Decade to remember: Parker's top 10 moments of the '90s
The decade had absolutely everything, but as part of Fox League's Retro Round, former Brisbane Broncos skipper COREY PARKER has narrowed down his absolute top 10 favourite moments of the 1990s
1. WHAT A PEARLER
WHEN the Broncos made the grand final in 1992, it was massive.
Like every kid growing up in southeast Queensland my favourite team was the Broncos. I remember watching the 1992 grand final dressed in all my Broncos gear and cheering the boys on as they gave it to the Dragons.
But the moment of the grand final for me was when Steve Renouf broke away down the touchline late in the game.
"The Pearl" was one of the quickest players in the game and he absolutely set the touchline alight. Ricky Walford started making up some ground on him late, but when Renouf crashed over the line, everyone in Brisbane knew the premiership was ours.
I remember watching that try and for the first time in my life I knew I wanted to play for the Broncos one day.
2. SOMETHING SUPER THIS WAY COMES
I REMEMBER hearing about the Super League concept and being excited by it straight away. It was the promise of rock stars and the game's best going head-to-head each and every week.
The fact the Broncos were joining the breakaway competition made it even more exciting. People can say what they like about Super League, but for me it's something that needed to happen.
It changed the game completely and allowed players to become full-time professionals.
The Super League grand final between the Broncos and Sharks at ANZ Stadium in 1997 was the first time a grand final had been played at night and the atmosphere was incredible.
3. MAL'S FAREWELL
MAL Meninga was a real hero of mine, growing up in Queensland, and to see him bow out of the game with a grand final win and try was incredible.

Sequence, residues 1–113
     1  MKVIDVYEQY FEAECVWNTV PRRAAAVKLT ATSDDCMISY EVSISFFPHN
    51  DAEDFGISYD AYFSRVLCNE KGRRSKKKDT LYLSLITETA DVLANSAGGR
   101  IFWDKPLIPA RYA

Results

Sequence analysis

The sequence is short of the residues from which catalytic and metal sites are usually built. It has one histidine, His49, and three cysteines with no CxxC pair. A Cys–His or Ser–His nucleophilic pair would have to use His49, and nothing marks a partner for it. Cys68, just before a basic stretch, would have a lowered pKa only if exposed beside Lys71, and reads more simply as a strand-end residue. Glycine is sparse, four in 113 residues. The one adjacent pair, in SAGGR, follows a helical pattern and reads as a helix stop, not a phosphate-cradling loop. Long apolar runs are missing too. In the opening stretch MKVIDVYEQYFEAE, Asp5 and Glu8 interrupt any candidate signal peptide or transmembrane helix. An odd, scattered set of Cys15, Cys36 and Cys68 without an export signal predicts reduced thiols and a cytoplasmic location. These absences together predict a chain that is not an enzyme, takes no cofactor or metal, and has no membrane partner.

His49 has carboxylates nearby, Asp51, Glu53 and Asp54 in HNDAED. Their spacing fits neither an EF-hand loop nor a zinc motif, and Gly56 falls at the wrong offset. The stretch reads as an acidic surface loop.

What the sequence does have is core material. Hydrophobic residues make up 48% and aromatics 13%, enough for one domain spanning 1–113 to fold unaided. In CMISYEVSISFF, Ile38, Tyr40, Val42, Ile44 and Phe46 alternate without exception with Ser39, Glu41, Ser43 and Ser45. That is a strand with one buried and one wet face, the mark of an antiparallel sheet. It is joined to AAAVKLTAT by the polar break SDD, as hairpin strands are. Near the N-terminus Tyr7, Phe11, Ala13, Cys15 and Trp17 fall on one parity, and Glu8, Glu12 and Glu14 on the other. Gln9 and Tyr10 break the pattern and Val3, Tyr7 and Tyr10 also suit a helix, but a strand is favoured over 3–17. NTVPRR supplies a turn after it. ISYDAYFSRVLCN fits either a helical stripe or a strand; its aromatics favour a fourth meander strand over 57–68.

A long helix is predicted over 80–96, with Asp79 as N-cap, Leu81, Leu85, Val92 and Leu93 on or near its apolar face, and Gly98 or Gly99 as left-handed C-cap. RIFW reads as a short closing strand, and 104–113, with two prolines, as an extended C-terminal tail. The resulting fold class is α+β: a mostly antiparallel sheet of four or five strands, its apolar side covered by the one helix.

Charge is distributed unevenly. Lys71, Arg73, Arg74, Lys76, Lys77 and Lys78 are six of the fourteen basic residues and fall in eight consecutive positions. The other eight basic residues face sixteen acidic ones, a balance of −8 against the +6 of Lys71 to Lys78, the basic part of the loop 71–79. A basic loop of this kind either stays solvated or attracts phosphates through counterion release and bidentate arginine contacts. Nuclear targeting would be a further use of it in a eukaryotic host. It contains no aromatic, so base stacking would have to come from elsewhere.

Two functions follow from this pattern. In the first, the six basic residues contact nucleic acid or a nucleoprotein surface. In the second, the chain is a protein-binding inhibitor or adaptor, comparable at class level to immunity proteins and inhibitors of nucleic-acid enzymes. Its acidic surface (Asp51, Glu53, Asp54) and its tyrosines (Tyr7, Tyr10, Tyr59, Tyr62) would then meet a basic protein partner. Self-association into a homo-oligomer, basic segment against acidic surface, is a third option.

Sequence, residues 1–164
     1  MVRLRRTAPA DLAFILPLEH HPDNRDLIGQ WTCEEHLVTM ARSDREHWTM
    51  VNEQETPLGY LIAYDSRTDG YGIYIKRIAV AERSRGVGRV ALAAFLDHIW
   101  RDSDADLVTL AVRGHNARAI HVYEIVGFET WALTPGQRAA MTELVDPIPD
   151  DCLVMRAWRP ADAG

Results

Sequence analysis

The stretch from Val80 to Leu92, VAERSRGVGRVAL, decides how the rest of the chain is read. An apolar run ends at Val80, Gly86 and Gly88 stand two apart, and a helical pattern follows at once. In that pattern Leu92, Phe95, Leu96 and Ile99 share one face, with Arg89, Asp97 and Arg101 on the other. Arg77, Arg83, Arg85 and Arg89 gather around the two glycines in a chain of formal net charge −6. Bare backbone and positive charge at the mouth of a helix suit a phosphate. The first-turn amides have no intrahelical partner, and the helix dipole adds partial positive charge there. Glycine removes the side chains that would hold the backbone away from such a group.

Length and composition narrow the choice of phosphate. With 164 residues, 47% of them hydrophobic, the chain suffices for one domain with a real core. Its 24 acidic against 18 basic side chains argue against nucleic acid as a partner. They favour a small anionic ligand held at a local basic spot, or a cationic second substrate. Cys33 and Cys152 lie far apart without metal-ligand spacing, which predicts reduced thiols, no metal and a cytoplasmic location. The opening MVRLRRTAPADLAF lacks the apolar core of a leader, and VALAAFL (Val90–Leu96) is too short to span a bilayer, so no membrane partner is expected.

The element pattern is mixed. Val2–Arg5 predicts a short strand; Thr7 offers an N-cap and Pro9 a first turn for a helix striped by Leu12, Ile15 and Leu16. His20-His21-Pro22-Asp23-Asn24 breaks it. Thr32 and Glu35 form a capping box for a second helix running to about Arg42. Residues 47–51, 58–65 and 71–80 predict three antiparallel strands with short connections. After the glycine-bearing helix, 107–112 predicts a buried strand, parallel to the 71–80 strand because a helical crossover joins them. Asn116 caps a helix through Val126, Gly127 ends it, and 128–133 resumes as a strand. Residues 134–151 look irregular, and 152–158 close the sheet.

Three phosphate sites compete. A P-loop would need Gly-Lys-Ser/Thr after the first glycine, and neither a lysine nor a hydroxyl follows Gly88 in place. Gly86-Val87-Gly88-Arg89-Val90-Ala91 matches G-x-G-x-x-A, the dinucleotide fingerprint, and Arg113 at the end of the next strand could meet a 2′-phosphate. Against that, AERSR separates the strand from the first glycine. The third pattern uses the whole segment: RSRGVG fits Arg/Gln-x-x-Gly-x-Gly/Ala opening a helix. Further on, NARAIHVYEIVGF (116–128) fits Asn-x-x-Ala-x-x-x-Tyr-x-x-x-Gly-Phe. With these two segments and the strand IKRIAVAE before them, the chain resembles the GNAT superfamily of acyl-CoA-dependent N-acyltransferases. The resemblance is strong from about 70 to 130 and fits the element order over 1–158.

That Raiders side in 1994 will go down as one of the greatest club teams of all time. From the time Martin Bella dropped the ball off the kick-off, you knew it was going to be the Raiders' day.
When Mal took that intercept, everyone in the stadium stood up and cheered him home. Jarrod McCracken tried his best to chase him down, but there was no denying "Big Mal".
4. COYNE MAGIC IN ORIGIN '94
I STILL don't know how Queensland managed to win game one of the 1994 State of Origin series. Down by four points with less than a minute to play, the Maroons spread the ball through Alfie Langer and Kevvie Walters out to the wing and Renouf, who made a bit of a break.
As the ball started making its way infield, you could see the space start to open up. When Mal got his hands on the ball you thought he might have had a crack himself, but he passed it to Mark Coyne, who somehow managed to beat three or four Blues players to score.
That try really reinforced Queensland's never-say-die attitude and will be remembered as one of the best comebacks of all time.
5.STORM SEALER IN SECOND SEASON
THE 1999 NRL grand final had it all - Hugh Jackman singing the national anthem, more than 100,000 people in the stands and one of the craziest finishes to a grand final the game has produced.
The Dragons looked home at half-time after going up 14-nil, but the Storm refused to give in and worked their way back into the game with two quick tries. With the game in the balance, Brett Kimmorley put up a cross-field kick for Craig Smith, who caught the ball but dropped it when trying to put it down after being hit high by Jamie Ainscough.
I think everyone who watched the match thought it should have been a penalty try, but it took a massive amount of courage to award it. I felt for Ainscough when the decision was given, but it was the right one and the Storm won their first premiership in just their second year.
6. ALBERT THE WHITE KNIGHT
HAS there been a bigger fairytale story in rugby league than Darren Albert's try in the 1997 ARL grand final?